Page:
Slump? How to Interrupt Yours

Quote of the Week

It is the way we react to circumstances that determines our feelings.
Dale Carnegie

Slump? – How to Interrupt Yours

by Simon Tyler

We are all emotionally connected, to some degree, to the people and events around us. What happens in those outside events often triggers, what seems to be, an automated emotional reaction and from there thoughts, feelings and moods blossom. Are they always the most empowering and useful? Probably not.

The chances are, you are reducing your power of response, restricting your creative sub-conscious and adopting a weakened state. Your abilities to respond appropriately, to decide, to think in straight lines, to engage your full intuitive self are all in short supply. Not good eh?

In between the reaction process is always a physical shift, linked to your emotional sets of reaction. It could be a shrug, a frown or even some kind of slump. I’ve been noticing Slump Reactions for a while now, there are many varieties; shoulders dropping, head shifting down and chin forward, an exhale with a dropped curved back, and many more subtle but all of them notably slumpworthy.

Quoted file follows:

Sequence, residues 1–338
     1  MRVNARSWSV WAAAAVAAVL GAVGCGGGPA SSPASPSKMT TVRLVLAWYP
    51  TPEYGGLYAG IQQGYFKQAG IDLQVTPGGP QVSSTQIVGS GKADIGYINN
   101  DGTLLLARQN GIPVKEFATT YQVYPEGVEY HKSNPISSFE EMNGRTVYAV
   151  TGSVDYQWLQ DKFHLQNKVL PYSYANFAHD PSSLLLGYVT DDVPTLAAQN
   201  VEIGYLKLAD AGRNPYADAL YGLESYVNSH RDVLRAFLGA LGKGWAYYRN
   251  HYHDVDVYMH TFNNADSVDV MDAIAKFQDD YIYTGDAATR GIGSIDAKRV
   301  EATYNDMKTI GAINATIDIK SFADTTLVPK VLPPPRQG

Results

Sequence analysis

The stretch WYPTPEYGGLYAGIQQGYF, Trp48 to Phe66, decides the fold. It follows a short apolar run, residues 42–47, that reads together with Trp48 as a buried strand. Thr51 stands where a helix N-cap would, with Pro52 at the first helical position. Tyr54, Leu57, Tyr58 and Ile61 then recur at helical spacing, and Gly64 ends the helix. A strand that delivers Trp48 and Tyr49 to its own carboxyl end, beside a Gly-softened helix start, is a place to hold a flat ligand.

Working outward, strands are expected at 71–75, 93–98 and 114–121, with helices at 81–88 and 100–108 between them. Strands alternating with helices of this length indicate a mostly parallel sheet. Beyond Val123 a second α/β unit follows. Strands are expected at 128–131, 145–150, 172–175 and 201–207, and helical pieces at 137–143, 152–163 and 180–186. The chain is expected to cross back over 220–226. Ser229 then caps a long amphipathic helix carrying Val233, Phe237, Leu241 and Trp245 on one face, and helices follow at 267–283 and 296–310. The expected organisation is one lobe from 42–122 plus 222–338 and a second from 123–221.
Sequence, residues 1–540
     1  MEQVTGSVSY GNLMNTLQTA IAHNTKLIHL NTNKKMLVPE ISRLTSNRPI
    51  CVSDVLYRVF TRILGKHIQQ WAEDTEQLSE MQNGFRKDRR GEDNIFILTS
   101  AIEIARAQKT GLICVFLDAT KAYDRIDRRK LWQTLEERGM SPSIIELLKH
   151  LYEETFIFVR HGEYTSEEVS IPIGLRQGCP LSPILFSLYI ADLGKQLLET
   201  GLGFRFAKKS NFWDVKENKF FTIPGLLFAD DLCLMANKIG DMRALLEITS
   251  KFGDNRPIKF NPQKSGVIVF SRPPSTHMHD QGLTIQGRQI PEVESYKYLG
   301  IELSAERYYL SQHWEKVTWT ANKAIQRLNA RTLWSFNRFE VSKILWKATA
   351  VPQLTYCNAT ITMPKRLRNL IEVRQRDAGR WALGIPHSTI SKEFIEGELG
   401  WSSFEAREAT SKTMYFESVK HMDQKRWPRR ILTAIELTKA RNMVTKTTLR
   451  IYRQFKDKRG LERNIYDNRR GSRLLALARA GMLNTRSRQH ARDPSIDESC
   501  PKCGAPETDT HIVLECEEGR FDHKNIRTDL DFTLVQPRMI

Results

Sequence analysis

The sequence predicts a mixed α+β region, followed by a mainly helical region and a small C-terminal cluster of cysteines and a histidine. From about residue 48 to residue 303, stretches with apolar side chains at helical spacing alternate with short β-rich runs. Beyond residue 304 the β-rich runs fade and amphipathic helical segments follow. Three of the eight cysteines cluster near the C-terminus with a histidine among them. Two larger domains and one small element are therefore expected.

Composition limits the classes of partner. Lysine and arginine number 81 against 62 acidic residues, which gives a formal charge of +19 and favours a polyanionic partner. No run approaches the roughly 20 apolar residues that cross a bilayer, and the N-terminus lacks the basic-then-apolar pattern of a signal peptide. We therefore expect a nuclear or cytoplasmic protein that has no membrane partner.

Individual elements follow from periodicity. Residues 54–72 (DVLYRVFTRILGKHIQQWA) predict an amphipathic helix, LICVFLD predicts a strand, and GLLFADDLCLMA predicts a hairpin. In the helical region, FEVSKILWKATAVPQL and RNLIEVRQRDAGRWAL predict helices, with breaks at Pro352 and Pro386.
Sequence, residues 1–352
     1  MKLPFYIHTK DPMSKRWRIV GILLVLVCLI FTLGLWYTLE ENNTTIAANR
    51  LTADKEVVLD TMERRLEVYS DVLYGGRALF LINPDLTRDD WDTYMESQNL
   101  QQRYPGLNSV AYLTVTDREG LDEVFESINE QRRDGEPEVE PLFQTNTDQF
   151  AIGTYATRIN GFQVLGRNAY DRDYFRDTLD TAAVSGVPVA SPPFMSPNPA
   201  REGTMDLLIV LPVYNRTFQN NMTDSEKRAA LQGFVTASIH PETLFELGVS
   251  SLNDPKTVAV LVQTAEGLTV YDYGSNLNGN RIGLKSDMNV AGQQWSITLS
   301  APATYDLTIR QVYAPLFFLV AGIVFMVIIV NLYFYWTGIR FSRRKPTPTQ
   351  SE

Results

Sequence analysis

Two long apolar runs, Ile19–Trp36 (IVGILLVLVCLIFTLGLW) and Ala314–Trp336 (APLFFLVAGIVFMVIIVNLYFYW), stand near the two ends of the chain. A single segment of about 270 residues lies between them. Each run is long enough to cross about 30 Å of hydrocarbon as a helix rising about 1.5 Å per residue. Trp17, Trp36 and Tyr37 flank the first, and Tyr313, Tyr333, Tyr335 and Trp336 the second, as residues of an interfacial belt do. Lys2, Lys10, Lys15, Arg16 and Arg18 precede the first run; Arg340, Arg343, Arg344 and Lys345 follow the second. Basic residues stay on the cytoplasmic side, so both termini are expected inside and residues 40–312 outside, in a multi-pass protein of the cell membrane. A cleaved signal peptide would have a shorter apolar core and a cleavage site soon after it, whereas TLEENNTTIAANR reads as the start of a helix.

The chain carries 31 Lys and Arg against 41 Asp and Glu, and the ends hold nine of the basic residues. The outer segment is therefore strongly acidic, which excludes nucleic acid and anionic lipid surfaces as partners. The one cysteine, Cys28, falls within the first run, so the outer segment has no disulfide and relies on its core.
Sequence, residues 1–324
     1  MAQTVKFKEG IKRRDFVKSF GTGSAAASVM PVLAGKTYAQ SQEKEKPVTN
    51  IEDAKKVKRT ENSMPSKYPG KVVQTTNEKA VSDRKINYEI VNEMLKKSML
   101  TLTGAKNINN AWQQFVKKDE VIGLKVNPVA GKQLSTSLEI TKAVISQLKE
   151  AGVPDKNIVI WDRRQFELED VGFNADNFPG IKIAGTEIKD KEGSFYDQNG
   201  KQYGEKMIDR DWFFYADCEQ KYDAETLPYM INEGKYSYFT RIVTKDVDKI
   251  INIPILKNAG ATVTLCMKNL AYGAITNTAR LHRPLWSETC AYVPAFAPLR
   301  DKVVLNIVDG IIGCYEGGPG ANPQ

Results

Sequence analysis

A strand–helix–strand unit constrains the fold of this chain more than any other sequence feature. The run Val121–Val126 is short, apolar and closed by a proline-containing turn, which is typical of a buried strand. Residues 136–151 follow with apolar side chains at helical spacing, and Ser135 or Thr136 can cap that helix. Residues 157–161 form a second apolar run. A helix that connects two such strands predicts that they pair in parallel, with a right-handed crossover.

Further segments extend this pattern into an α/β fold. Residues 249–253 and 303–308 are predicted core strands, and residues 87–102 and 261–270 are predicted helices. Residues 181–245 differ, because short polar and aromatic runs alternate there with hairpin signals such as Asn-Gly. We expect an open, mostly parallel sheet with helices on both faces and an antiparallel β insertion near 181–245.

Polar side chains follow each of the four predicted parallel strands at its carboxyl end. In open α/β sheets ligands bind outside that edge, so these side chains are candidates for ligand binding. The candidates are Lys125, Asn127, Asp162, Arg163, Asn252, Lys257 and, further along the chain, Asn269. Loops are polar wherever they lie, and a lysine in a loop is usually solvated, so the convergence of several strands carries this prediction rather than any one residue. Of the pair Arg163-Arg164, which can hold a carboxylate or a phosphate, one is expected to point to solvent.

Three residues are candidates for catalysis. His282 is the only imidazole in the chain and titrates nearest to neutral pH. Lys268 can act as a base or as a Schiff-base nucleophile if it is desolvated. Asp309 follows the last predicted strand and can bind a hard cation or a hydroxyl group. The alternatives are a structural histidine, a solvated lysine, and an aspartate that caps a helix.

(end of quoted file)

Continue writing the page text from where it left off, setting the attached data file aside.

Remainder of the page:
It’s probable that you have refined and engrained your slump reaction for years, unknowingly, and with it comes the types of thoughts, feelings and moods that your powerful brain has attached to it. No matter how subtle or even undetectable it is by others, your slump reaction is currently setting you up for a chain of ‘less than your best’. I noticed the England cricket team recently ‘slump react’ when their match-winning batting star was out early, unsurprisingly (to me) the subsequent batsmen struggled to get their heads back into the game.

I noticed across a room the reactions at a business meeting to a particular corporate message, the subsequent break-out conversations were less creative or positively solution oriented than they could have been.

I challenge you for the next couple of weeks to begin to notice your slump reaction. Laugh when you catch it happening, interrupt it and chose an alternative, a more powerful upright stance, take on a good new lungful of air. Initially your brain may still throw up some reactions to the situations, but it will seem like you have height on the situation, can see it more clearly for what it is and actually have a choice.

After a week of interruptions you will start to notice a change in your moods and apparent capabilities in situations that previously would have annoyed, frustrated, flumoxed or even floored you.

Simon Tyler is one of the world’s leading business coaches who has helped business leaders and owners make life easier and more successful, he is an incisive consultant, inspirational writer, provocative public speaker and master facilitator. To learn more about Simon, visit

Coaching Call to Action

Take on Simon’s challenge this week. What do you notice about yourself? Care to share?